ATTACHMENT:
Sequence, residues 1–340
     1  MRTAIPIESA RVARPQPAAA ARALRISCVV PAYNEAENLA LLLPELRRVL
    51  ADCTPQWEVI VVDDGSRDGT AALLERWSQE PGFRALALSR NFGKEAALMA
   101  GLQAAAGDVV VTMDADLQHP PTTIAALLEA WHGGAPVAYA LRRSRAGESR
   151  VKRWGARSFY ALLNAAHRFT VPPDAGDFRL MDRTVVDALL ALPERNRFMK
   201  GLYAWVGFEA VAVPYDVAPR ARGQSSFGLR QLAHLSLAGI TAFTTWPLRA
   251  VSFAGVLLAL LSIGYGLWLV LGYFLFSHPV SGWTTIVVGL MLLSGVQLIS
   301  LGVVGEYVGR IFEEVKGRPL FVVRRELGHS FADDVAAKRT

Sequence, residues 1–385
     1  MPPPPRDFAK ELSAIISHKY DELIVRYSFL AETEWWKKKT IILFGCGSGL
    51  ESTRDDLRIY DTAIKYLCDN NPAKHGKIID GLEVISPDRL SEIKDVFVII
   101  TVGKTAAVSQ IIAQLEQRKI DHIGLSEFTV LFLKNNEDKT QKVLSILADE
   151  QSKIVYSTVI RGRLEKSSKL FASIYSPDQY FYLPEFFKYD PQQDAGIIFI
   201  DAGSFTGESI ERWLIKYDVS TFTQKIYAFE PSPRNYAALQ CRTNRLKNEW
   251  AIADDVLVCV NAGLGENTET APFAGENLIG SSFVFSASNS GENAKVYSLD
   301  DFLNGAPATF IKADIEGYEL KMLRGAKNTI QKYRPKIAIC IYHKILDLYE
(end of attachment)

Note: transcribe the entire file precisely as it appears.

Sequence, residues 1–340
     1  MRTAIPIESA RVARPQPAAA ARALRISCVV PAYNEAENLA LLLPELRRVL
    51  ADCTPQWEVI VVDDGSRDGT AALLERWSQE PGFRALALSR NFGKEAALMA
   101  GLQAAAGDVV VTMDADLQHP PTTIAALLEA WHGGAPVAYA LRRSRAGESR
   151  VKRWGARSFY ALLNAAHRFT VPPDAGDFRL MDRTVVDALL ALPERNRFMK
   201  GLYAWVGFEA VAVPYDVAPR ARGQSSFGLR QLAHLSLAGI TAFTTWPLRA
   251  VSFAGVLLAL LSIGYGLWLV LGYFLFSHPV SGWTTIVVGL MLLSGVQLIS
   301  LGVVGEYVGR IFEEVKGRPL FVVRRELGHS FADDVAAKRT

Sequence, residues 1–385
     1  MPPPPRDFAK ELSAIISHKY DELIVRYSFL AETEWWKKKT IILFGCGSGL
    51  ESTRDDLRIY DTAIKYLCDN NPAKHGKIID GLEVISPDRL SEIKDVFVII
   101  TVGKTAAVSQ IIAQLEQRKI DHIGLSEFTV LFLKNNEDKT QKVLSILADE
   151  QSKIVYSTVI RGRLEKSSKL FASIYSPDQY FYLPEFFKYD PQQDAGIIFI
   201  DAGSFTGESI ERWLIKYDVS TFTQKIYAFE PSPRNYAALQ CRTNRLKNEW
   251  AIADDVLVCV NAGLGENTET APFAGENLIG SSFVFSASNS GENAKVYSLD
   301  DFLNGAPATF IKADIEGYEL KMLRGAKNTI QKYRPKIAIC IYHKILDLYE